Doing practice questions is also really important because it‘s an efficient way to refresh your knowledge of other parts of the ACCA. ACCA P5 has a lot of assumed knowledge, so it’s taken for granted that you remember everything you’ve learnt up until this point.
Students hear that and their first instinct seems to be to go back and re-learn all of F5 and F9. I always worry when I see that… it’s not a good strategy because it’s so inefficient. You’re just cramming things into your head; it’s information overload. Instead, students should answer practice questions and it’ll be immediately clear if there are any areas you need to refresh.
…force yourself to engage in the business world in order to train yourself to think in the way ACCA P5 expects you to…
I also think all students should be reading the paper and listening to the news, and thinking about real-world scenarios.
(Source) Staying abreast of business news will help you pass ACCA P5.
Challenge yourself constantly: why is this company doing that? Why is BHS going into administration at the moment? What could they have done differently? What’s gone wrong for them? Force yourself to engage in the business world around you and you’ll be training yourself to think in the way ACCA P5 expects you to.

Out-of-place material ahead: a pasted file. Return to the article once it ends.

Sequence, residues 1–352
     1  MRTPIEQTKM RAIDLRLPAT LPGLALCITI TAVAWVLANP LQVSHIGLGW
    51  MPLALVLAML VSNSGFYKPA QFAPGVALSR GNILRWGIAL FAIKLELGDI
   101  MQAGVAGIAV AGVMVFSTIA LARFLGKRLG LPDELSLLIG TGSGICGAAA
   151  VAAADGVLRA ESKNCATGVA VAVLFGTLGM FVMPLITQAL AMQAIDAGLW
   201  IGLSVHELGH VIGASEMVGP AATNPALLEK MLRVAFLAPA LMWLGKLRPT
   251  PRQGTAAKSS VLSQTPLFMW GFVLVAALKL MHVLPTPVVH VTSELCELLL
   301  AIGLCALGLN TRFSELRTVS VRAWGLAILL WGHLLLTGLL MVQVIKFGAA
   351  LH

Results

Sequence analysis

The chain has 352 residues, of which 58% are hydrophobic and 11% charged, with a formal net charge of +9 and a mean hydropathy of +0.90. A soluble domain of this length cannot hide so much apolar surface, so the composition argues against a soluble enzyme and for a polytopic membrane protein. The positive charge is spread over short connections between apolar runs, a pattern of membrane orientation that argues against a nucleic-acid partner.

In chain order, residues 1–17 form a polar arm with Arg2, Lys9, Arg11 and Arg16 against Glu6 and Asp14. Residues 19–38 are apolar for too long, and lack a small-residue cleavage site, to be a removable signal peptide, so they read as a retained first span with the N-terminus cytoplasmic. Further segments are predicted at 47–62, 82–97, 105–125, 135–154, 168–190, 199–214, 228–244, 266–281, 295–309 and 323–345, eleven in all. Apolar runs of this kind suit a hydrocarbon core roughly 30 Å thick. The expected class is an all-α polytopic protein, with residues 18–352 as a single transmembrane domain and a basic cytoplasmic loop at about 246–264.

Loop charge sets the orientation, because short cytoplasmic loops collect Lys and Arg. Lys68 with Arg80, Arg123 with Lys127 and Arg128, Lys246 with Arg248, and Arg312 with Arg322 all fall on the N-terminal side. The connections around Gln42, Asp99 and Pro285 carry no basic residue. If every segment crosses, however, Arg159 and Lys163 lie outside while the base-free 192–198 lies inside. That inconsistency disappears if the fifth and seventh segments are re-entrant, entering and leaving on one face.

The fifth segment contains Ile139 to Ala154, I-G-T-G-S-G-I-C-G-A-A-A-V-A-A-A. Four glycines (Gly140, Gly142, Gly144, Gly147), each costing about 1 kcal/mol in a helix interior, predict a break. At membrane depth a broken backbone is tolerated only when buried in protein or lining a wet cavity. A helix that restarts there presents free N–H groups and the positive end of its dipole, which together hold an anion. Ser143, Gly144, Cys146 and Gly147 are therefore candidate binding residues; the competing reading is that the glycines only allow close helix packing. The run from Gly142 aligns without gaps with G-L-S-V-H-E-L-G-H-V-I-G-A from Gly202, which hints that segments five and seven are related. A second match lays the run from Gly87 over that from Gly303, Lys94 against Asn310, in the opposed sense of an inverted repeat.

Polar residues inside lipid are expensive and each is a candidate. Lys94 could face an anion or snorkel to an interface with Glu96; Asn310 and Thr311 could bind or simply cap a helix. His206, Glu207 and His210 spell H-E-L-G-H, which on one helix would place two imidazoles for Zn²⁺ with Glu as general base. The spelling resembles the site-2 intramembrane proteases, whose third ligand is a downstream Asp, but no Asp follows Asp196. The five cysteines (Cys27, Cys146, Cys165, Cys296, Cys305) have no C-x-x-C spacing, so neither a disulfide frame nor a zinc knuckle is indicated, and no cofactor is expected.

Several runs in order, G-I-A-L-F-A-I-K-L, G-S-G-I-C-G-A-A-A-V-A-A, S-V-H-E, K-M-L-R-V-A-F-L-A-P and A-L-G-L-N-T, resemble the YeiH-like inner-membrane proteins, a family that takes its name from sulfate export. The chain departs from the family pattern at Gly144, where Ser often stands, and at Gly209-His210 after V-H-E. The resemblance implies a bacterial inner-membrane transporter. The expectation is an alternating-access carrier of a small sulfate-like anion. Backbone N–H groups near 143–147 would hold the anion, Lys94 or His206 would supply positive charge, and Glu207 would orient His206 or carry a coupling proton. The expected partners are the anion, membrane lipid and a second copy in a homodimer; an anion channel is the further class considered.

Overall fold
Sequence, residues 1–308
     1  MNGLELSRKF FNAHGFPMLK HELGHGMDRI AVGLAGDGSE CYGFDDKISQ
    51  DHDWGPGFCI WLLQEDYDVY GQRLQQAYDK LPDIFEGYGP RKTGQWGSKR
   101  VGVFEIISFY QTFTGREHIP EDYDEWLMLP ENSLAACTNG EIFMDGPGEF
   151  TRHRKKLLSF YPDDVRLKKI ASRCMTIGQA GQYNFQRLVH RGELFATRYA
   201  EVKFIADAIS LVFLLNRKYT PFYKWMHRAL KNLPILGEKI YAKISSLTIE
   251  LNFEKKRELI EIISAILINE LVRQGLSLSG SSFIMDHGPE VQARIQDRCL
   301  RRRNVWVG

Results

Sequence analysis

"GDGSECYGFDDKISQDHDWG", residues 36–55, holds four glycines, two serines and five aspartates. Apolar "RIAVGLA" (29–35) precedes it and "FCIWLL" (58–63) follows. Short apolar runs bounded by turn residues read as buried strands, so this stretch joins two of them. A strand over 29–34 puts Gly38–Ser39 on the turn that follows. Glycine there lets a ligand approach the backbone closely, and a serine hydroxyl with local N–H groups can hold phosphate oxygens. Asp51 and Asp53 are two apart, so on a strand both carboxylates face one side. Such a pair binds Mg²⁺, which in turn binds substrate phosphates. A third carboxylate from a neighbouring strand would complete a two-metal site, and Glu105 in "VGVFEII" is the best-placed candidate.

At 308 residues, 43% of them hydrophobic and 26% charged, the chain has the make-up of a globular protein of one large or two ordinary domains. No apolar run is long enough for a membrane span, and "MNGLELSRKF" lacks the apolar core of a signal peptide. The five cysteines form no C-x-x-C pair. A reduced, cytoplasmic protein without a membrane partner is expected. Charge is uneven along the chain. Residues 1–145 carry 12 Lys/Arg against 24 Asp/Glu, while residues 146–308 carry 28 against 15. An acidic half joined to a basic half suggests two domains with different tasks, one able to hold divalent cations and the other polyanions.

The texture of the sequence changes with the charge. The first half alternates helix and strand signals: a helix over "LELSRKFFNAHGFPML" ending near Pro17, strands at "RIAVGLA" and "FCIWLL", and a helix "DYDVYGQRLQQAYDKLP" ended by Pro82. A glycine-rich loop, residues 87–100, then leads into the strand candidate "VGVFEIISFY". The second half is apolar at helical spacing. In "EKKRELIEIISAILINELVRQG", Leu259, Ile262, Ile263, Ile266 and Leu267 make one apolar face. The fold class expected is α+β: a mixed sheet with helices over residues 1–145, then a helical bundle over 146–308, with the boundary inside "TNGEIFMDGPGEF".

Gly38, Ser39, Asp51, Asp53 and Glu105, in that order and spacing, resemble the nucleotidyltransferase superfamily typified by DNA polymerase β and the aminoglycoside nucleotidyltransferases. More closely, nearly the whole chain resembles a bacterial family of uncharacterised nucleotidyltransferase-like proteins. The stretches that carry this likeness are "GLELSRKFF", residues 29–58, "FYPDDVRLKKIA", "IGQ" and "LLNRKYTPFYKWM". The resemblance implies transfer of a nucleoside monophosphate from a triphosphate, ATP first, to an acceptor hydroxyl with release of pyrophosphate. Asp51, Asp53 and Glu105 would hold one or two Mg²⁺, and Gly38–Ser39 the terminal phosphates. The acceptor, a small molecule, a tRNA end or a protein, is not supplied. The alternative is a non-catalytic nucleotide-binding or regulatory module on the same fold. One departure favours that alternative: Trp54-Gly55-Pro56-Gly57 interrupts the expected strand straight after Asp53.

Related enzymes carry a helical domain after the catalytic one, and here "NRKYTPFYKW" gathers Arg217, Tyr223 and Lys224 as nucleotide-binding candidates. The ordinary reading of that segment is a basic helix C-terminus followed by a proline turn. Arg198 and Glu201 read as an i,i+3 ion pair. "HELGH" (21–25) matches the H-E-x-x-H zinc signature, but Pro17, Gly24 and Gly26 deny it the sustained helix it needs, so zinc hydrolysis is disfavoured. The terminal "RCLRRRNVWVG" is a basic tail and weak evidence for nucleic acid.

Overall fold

LS: Thanks Peter, it’s fantastic to be able to share your insight with our members. We’ve got one final question for you before we let you go…
P.W: Fire away!
LS: As one of our most experienced tutors, it goes without saying that you’re a big fan of LearnSignal. What would you say to any ACCA students considering signing up?
P.W: I’m somewhat bias towards the ACCA P5 course, because I wrote it! Seriously though, all the courses are fantastic.
The thing with online learning is that it’s really different from traditional learning. The same things don’t work – but the vast majority of online course providers just try and replicate what they’re doing offline. It’s just not that effective. I rate LearnSignal because it uses the online medium to its full effect, so students are learning more effectively. The more effectively you learn, the more likely you are to pass the ACCA.
Peter Woolley was in Practice with a Big 4 firm for nearly a decade before moving into professional education. He’s been helping ACCA students pass their exams for more than 15 years, making him an incredibly valuable addition to the LearnSignal team. If you want to study for the ACCA P5 paper with Peter, sign up for a 7-day free trial HERE.